Spain House backs austerity by 1 vote

Spain’s governing Socialists won approval for a $18.4 billion austerity package by just one vote on Thursday, avoiding a defeat that would have rattled markets and potentially brought down the government.
The bill was approved by 169 votes in favour to 168 against, after the Opposition Popular Party voted against, even making sure one of its deputies was brought to the session in an ambulance. The bill was only saved when 10 deputies from centre-right Catalan nationalists CiU abstained after criticising the bill, saying they did not want Spain to be plunged into a Greek-style crisis.
But CiU said they would not support the 2011 budget bill, Spanish news agencies reported, raising doubts over how Prime Minister Jose Luis Rodriguez Zapatero will be able to continue to steer his country through a time of crisis.
CiU leader Josep Antoni Duran i Lleida told Parliament Zapatero should call early elections in 2011. “The problem is you and your government,” he told Mr Zapatero.
If Thursday’s bill had been be defeated, the government’s plans to get its budget deficit under control would have been thrown into disarray, potentially dismaying credit markets by raising concerns the euro zone’s fourth largest economy was fiscally unsustainable.
The conservative Opposition Popular Party (PP) is well ahead in opinion polls. “This law is improvised, insufficient and unjust,” PP leader Mariano Rajoy told Parliament.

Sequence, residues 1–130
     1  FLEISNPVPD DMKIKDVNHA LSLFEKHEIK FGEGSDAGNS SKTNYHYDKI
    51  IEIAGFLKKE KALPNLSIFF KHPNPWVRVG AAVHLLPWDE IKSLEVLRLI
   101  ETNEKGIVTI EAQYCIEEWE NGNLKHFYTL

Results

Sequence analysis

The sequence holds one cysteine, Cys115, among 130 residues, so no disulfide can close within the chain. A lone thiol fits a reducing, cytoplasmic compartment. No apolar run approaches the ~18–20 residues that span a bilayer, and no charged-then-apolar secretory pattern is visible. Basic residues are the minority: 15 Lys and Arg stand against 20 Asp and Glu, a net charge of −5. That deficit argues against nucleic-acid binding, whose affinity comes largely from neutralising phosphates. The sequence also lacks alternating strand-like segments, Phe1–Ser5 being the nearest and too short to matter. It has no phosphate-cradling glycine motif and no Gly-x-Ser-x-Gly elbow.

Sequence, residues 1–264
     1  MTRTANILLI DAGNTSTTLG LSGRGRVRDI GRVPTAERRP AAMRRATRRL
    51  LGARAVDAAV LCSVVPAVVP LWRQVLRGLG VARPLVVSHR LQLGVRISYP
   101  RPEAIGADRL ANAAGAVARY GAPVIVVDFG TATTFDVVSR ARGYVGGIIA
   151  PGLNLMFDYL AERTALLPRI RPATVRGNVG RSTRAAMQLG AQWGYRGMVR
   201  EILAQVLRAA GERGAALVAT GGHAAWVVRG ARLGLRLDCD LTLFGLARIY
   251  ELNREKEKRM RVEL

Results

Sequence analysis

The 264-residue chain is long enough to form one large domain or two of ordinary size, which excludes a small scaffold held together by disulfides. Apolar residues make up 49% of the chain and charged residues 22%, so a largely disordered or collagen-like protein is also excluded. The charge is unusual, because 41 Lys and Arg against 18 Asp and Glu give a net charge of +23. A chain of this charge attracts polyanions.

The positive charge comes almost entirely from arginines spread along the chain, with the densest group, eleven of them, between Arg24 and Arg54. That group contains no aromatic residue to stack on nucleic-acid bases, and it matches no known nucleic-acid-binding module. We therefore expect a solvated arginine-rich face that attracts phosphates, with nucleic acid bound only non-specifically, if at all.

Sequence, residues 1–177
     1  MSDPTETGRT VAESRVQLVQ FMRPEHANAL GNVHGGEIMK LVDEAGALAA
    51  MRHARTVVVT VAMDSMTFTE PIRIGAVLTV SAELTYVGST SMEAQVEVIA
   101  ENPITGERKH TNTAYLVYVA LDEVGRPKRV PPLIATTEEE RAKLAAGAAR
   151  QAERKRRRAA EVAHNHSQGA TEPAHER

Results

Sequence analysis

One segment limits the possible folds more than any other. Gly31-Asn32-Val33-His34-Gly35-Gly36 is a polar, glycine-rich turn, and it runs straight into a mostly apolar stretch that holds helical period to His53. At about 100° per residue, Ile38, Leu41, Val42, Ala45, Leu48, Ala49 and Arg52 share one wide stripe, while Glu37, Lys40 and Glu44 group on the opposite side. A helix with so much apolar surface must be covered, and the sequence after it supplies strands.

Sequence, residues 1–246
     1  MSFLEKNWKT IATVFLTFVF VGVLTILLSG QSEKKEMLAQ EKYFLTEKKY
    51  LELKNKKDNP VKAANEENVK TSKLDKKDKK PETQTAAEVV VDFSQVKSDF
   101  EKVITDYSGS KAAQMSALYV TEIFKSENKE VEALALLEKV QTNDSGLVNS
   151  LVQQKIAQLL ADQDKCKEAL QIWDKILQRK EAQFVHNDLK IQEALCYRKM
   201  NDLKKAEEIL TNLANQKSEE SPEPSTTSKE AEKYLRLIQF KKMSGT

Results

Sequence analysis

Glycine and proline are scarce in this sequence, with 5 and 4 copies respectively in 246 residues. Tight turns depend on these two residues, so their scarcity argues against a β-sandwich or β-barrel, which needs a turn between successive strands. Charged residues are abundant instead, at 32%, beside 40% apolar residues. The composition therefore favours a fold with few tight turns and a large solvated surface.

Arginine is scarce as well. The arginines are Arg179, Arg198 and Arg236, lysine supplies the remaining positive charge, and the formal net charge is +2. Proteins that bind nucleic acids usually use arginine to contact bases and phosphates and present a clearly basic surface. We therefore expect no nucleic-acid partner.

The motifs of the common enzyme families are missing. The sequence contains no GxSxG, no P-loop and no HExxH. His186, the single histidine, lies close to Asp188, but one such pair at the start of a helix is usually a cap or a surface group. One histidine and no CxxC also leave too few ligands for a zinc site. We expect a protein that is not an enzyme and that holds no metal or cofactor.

Spanish commentators said it was difficult to imagine how Mr Zapatero would have been able to stay in government had he lost the vote, which would have sent shockwaves through markets terrified that the Greek crisis will engulf the much larger Spanish economy. The Basque Nationalist Party said on Wednesday it would side with the Popular Party and oppose the cuts.
The government’s plan aims to save an additional 15 billion euros and includes wage cuts of five per cent for civil servants in 2010. It aims to cut the budget deficit to 9.3 per cent of gross domestic product in 2010 and then to six per cent in 2011, down from 11.2 per cent in 2009.

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